On we drove, inland and through more giant forests before reaching our destination. Another motel and a lovely pizza restaurant were how we spent the evening in Eugene prior to driving on to Portland. Our final west coast destination involved the least glamorous night of the trip: our flight to Hawaii was due to depart at 7am, and as we had to return our car by 5pm the previous day, we chose to spend the night at the airport, eagerly awaiting our flight and our next stop.
At the end of what felt like an inordinately long flight, we weren’t disappointed by our destination. Hawaii is stunning, and we sadly barely scratched the surface. Four nights wasn’t even a long enough stay to fully explore Oahu – the island which is home to the vast majority of Hawaii’s population, including the state capital – nevermind get out and explore the other islands. It’s also an expensive place: Hawaii is clearly a popular destination for people who have a lot of money or want to do a lot of nothing (and therefore don’t need a lot of money). We made the best of the time and funds available by renting a self-catered apartment two blocks from Waikiki beach, choosing to spend two days on the beach and at the pool which was handily situated on our rooftop, plus one day on an island tour and an evening at a luau.
Although it’s not high season at the moment, I don’t think Hawaii ever has a particularly low season. Locals are deeply tanned, laidback and welcoming – you can tell tourism is their biggest source of income – and the atmosphere is firmly relaxed. Our island tour set off at 7:30am, meaning that when we reached Diamond Head a short time later, the light was still rising across the island and everything felt fairly quiet and still. We spent the following eight hours travelling around Oahu, taking in a variety of beaches for short stops to take pictures. Lunch was at a Hawaiian roadside shack, where we got to eat freshwater prawns and prepare ourselves for our next beach: we made our longest stop on the famous North Shore – home to many surfers, plus turtles. The turtles swim in the shallows to feed, and snorkelling equipment was provided so that we could swim if we wanted. My friend Eva is a budding marine scientist and was absolutely in her element, providing the other members of our group with lots of useful information.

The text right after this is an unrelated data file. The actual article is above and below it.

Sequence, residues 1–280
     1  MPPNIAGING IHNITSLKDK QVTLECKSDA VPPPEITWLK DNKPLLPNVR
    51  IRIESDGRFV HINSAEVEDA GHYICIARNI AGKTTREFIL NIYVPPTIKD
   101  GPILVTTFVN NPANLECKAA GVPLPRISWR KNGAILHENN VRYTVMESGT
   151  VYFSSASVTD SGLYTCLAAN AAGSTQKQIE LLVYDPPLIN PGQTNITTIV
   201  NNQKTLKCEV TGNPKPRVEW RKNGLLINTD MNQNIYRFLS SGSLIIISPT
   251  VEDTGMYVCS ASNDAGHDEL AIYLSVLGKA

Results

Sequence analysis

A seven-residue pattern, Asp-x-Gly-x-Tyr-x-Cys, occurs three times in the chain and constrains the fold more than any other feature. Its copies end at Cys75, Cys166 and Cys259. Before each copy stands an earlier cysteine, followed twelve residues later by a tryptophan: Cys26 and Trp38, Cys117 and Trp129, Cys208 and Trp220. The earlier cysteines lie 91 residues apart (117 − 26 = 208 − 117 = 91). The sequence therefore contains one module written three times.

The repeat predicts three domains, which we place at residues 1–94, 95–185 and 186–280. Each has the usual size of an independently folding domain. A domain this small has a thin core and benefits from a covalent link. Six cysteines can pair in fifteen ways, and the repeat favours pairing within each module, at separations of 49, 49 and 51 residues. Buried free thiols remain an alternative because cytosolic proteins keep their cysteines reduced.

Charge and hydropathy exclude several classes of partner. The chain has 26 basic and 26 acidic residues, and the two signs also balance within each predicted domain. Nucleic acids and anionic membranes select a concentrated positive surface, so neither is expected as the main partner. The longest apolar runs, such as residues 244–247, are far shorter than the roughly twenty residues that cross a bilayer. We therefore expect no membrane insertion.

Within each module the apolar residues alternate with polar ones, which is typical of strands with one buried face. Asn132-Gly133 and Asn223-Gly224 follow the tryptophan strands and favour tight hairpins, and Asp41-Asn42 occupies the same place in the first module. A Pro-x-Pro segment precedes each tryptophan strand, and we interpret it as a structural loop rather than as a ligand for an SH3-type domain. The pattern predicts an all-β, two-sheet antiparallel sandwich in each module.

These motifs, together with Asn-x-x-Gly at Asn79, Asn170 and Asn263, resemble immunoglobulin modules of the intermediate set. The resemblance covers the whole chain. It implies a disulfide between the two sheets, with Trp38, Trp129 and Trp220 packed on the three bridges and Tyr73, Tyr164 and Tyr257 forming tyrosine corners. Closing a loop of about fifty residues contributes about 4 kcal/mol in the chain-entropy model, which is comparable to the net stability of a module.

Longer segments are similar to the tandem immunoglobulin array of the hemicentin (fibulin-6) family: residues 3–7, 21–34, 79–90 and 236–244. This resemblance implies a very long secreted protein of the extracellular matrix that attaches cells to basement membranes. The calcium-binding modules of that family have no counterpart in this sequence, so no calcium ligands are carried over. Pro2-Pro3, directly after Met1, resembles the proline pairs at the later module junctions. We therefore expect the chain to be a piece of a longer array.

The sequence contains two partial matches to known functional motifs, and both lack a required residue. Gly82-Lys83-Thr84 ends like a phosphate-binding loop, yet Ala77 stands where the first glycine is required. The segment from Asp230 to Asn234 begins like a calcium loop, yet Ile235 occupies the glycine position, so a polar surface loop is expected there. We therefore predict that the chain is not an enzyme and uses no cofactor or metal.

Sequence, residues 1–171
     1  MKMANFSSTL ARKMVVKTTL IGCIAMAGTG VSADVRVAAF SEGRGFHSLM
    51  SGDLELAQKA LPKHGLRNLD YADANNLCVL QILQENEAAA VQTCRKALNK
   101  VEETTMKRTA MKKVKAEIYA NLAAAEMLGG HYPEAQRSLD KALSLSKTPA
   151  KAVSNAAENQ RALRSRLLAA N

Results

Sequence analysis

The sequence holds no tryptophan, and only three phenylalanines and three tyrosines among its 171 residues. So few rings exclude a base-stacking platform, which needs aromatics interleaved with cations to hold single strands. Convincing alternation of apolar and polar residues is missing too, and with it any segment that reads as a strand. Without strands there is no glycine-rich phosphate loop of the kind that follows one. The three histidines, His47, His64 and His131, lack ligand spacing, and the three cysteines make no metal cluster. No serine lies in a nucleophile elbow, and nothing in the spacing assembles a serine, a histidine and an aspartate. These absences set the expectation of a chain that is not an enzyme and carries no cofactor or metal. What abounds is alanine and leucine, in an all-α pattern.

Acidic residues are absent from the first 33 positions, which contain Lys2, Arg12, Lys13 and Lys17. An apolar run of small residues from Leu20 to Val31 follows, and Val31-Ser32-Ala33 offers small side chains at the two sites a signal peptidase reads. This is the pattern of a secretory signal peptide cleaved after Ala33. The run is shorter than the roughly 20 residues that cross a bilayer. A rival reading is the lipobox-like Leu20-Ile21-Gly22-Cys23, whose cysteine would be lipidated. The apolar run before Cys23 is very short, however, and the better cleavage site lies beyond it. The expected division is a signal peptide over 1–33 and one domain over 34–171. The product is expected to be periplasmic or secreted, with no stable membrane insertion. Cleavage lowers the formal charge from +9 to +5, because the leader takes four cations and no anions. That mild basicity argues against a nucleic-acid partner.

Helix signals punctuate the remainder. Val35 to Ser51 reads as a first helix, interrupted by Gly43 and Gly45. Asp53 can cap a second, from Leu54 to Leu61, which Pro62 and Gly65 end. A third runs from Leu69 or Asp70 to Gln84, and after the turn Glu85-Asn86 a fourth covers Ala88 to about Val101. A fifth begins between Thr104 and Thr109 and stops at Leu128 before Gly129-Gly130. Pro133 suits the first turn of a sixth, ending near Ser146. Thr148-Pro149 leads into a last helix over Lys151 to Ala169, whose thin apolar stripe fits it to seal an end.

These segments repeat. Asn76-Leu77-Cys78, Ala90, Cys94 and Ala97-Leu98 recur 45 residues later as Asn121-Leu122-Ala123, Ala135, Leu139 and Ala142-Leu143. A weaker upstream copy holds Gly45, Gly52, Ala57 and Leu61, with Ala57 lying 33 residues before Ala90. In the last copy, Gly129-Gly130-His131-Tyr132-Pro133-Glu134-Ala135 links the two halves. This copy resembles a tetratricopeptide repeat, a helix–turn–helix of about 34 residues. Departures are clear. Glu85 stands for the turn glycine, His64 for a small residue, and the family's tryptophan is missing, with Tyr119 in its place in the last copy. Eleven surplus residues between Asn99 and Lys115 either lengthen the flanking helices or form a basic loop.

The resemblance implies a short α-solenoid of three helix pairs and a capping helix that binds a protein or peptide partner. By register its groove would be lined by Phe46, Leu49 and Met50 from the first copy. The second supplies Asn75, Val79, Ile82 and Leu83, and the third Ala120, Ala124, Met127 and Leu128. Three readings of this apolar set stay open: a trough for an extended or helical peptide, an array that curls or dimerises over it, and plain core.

It turned into a rainy afternoon when we returned to the bus, and we quickly moved on to the Dole plantation. Hawaii used to be very famous for pineapple growing, but our guide informed us that even this massive company is barely hanging on in Hawaii – locals just don’t want to do the farming work, and there are probably cheaper, less remote places to farm pineapples now. Dole is a huge tourist trap – think of a piece of merchandise and they’ve stuck a pineapple on it and charged a fortune for it. We made our way back to Waikiki having taken in a lot of information (we also visited a macadamia nut factory, a coffee farm and a chocolate shop) but enjoyed our trip out of the big city to see the “real” Oahu.